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In all my lands and leafes whatsoever :
Let fpecialtics be therefore drawn between us,
That covenants may be kept on either hand.

Bap. Ay, when the fpecial thing is well obtained, This is, her love; for that is all in all.

Pet. Why, that is nothing; for I tell you, father, I am as peremptory as the proud-minded; And where two raging fires meet together, They do confume the thing that feeds their fury; Though little fire grows great with little wind, Yet extream gufts will blow out fire and all: So I to her, and fo fhe yields to me; For I am rough, and woo not like a babe. Bap. Well may'ft thou woo, and happy be thy fpeed!

But be thou arm'd for fome unhappy words.

Pet. Ay, to the proof; as mountains are for winds, That shake not, though they blow perpetually.

Re-enter Hortenfio with his head broke.

Bap. How now, my friend? why dost thou look fo pale?

Hor. For fear, I promife you, if I look pale. Bap. What, will my daughter prove a good mufician?

Hor. I think, fhe'll fooner prove a foldier; Iron may hold with her, but never lutes.

Bap. Why, then thou canst not break her to the lute?

Hor. Why, no; for fhe hath broke the lute to me. I did but tell her, fhe mistook her frets, And bow'd her hand to teach her fingering; When, with a most impatient devilish fpirit, Frets, call you these? quoth fhe: I'll fume with them : And, with that word, the ftruck me on the head,

4-her frets] A fret is that ftop of a mufical inftrument which caufes or regulates the vibration of the ftring. JOHNSON.

Hh 2


And through the inftrument my pate made way;
And there I ftood amazed for a while,
As on a pillory, looking through the lute;
While fhe did call me,-rafcal fiddler,
And-twangling Jack+; with twenty fuch vile terms,
As fhe had ftudied to mifufe me fo.

Pet. Now, by the world, it is a lufty wench;
I love her ten times more than e'er I did:
Oh, how I long to have fome chat with her!

Bap. Well, go with me, and be not fo difcomfited:
Proceed in practice with my younger daughter;
She's apt to learn, and thankful for good turns.→
Signior Petruchio, will you go with us;
Or fhall I fend my daughter Kate to you?

Pet. I pray you do; I will attend her here,

[Exit Baptifta with Gremio, Hortenfio, and Tranio. And woo her with fome fpirit when he comes. Say, that the rail; why, then I'll tell her plain, She fings as fweetly as a nightingale : Say, that the frown; I'll fay, the looks as clear As morning rofes newly wafh'd with dew: Say, fhe be mute, and will not fpeak a word; Then I'll commend her volubility, And fay-fhe uttereth piercing eloquence: If the do bid me pack, I'll give her thanks, As though the bid me ftay by her a week; If the deny to wed, I'll crave the day When I fhall afk the banns, and when be married :But here the comes; and now, Petruchio, fpeak.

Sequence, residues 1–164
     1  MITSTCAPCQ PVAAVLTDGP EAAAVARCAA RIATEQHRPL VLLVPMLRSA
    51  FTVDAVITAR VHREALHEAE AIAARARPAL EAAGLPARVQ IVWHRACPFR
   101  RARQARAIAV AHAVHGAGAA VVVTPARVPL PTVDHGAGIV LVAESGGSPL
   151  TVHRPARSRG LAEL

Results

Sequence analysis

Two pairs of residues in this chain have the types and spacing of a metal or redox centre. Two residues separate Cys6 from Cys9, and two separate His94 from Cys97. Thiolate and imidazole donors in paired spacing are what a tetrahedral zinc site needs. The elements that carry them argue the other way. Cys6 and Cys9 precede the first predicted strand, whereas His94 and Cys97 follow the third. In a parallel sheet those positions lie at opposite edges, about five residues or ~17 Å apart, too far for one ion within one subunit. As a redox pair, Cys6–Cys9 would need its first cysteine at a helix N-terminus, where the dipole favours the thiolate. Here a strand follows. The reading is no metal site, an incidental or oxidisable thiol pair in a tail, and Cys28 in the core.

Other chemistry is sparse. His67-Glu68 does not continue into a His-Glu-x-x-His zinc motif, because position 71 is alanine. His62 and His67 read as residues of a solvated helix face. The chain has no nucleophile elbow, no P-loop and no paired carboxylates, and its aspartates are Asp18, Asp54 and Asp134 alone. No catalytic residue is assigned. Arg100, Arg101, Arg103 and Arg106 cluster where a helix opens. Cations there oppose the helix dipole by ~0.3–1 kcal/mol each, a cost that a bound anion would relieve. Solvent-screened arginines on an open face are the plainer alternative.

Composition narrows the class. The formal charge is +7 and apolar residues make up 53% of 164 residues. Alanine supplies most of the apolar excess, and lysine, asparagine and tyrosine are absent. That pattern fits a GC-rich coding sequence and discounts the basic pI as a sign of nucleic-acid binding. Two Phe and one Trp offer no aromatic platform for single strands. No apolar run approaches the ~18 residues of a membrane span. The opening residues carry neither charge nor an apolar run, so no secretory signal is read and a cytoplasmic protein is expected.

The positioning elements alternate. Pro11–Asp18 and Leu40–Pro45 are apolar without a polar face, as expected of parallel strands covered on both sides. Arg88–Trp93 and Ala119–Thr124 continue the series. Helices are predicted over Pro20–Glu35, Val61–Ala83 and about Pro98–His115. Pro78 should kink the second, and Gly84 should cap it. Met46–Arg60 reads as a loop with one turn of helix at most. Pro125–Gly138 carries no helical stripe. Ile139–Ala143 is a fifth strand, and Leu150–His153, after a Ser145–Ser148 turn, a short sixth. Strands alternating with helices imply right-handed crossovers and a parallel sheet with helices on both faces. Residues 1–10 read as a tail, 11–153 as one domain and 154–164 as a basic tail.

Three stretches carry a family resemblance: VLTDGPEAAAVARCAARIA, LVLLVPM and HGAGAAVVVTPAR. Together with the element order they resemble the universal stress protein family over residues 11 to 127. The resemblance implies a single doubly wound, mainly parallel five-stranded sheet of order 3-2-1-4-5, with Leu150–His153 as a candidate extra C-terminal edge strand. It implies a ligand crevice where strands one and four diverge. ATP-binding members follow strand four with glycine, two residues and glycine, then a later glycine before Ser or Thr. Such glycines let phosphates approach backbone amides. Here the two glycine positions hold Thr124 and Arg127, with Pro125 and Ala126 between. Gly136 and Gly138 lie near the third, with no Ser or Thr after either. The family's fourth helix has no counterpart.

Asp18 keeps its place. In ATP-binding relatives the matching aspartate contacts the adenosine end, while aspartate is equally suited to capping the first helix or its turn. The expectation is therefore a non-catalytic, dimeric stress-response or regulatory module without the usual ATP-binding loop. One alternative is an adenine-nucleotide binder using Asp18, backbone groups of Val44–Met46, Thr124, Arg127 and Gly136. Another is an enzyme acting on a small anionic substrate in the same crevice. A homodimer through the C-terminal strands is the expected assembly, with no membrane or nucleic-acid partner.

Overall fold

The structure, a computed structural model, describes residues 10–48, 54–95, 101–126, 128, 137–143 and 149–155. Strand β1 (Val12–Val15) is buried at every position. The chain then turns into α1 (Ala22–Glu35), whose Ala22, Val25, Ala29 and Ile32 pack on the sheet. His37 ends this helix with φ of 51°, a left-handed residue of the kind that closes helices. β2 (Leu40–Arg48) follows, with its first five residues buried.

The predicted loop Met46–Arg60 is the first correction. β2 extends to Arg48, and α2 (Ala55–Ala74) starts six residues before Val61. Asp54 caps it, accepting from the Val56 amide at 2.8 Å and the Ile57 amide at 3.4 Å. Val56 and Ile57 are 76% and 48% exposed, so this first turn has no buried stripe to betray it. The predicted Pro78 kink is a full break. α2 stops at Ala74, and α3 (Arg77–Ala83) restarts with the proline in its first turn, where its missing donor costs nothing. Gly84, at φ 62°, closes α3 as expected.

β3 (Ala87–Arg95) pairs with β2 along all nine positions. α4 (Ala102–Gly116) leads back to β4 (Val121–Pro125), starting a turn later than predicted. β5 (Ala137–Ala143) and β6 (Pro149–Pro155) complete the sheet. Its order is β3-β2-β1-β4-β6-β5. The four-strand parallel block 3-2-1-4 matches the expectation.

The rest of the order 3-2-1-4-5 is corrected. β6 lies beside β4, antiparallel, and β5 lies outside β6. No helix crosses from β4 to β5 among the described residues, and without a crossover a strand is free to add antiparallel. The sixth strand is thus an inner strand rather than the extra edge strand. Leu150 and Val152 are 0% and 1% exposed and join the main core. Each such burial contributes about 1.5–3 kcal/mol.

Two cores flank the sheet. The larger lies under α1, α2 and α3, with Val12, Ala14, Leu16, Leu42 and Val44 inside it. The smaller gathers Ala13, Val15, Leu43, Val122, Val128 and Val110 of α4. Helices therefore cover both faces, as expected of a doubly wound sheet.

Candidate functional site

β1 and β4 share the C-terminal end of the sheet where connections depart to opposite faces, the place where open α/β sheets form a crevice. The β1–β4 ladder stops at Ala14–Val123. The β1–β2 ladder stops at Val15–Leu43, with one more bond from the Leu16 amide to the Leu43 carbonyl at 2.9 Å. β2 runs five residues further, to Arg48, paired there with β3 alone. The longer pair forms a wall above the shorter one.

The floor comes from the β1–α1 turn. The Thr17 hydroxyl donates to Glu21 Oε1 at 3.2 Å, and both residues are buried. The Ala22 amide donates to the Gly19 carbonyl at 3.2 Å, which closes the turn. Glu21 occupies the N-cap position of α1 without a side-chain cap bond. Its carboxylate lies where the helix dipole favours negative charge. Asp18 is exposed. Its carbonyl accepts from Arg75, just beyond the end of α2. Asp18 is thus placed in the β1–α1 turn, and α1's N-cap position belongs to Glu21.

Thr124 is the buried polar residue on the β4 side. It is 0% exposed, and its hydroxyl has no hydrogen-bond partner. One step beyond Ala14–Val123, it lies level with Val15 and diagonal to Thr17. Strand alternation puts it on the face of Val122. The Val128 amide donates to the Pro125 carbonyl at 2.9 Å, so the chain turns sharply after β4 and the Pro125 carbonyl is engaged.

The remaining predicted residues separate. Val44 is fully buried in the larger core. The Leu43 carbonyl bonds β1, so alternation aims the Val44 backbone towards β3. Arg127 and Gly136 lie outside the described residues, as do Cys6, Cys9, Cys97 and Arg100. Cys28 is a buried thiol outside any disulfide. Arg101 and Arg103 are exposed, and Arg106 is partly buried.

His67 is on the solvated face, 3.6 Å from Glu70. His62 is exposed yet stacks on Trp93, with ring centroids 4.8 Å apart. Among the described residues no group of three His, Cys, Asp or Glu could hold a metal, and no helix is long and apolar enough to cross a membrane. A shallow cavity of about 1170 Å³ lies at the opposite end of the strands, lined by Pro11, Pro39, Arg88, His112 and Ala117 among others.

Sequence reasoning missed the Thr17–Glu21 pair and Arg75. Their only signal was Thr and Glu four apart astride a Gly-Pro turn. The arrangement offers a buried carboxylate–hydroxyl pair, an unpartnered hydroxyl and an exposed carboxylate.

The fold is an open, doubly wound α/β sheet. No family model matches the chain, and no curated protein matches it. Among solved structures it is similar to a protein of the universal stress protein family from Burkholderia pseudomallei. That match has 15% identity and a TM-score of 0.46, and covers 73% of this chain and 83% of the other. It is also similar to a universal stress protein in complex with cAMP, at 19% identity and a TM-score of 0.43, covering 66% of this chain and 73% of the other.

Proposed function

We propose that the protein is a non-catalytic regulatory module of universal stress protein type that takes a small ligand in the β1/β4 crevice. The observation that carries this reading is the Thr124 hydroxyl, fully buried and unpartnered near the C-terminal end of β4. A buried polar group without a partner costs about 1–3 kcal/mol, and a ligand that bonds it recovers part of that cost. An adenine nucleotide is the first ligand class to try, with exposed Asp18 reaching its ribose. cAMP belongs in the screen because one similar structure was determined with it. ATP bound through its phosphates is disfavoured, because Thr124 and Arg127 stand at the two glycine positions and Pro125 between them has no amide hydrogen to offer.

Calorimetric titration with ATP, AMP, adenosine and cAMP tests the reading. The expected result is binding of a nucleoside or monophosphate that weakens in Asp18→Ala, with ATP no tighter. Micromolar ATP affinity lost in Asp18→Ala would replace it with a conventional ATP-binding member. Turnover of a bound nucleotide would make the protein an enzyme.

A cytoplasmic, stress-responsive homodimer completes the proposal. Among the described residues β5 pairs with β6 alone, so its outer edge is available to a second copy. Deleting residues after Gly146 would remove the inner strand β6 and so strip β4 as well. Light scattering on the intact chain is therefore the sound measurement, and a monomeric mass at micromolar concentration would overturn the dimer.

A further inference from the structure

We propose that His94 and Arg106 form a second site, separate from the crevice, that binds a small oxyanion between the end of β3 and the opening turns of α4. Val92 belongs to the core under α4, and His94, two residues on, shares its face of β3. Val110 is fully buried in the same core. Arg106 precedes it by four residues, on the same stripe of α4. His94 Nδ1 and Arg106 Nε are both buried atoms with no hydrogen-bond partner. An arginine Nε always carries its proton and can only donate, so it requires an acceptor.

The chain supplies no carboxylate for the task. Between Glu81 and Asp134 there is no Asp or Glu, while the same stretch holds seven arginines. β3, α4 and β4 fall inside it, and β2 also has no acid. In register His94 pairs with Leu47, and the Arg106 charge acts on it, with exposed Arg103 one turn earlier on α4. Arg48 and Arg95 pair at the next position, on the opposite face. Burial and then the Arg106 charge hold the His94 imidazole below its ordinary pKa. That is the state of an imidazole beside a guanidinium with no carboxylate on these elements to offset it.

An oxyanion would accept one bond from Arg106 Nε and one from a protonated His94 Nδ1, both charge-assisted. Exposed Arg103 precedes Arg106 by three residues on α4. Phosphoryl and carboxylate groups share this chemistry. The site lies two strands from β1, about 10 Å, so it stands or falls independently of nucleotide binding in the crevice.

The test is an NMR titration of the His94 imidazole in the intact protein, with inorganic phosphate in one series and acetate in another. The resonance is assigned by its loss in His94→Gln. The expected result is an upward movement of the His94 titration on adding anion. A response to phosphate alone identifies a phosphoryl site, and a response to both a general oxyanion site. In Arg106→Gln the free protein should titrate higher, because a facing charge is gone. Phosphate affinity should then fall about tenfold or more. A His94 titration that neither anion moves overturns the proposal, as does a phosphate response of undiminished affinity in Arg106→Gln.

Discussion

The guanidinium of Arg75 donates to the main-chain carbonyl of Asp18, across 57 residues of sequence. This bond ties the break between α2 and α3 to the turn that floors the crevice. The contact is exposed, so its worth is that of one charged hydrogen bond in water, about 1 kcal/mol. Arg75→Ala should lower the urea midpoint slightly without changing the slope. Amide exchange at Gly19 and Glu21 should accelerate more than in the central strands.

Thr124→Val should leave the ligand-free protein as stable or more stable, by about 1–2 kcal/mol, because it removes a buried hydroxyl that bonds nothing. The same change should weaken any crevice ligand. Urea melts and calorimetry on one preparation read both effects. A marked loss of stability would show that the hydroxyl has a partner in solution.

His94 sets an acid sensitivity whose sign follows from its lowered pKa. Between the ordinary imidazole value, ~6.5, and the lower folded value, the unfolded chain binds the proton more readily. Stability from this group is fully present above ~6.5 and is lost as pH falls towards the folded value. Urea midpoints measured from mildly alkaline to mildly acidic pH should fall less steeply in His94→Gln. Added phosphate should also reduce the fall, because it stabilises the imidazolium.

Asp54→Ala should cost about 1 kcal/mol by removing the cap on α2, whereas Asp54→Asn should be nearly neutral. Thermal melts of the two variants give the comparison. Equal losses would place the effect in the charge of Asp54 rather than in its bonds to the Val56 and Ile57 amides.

4 And-twangling Jack;-] Of this contemptuous appellation I know not the precife meaning. Something like it, however, occurs in Magnificence an ancient folio interlude by Skelton, printed by Raftell


ye wene I were fome hafter,

"Or elly's fome jangelynge jacke of the valc." STEEVENS.


Enter Katharine.

Good-morrow, Kate'; for that's your name, I hear, Kath. Well have you heard, but fomething hard of hearing;

5 Good-morrow Kate; &c] Thus in the original play :
"Feran. Twenty good-morrows to my lovely Kate.
"Kate. You jeaft I am fure; is the yours already?
"Feran. I tel thee Kate, I know thou lov'it me wel.
"Kate. The divel you do; who told you fo?
"Feran. My mind, fweet Kate, doth fay I am the man,
"Muft wed, and bed, and marrie bonnie Kate.

"Kate. Was ever feene fo groffe an affe as this? "Feran. I, to ftand fo long and never get a kiffe. "Kate. Hands off, I fay, and get you from this place; "Or I will fet my ten commandements in your face.

"Feran I prithy do, Kate; they fay thou art a shrew, "And I like thee the better, for I would have thee fo.

"Kate. Let go my hand, for feare it reach your eare.
"Feran No, Kate, this hand is mine, and I thy love.

Kate. Yfaith, fir, no; the woodcoke wants his taile.
"Feran. But yet his bil will ferve, if the other faile.
"Alfon. How now, Ferando? what [fays] my daughter?
"Feran. Shee's willing, fir, and loves me as her life.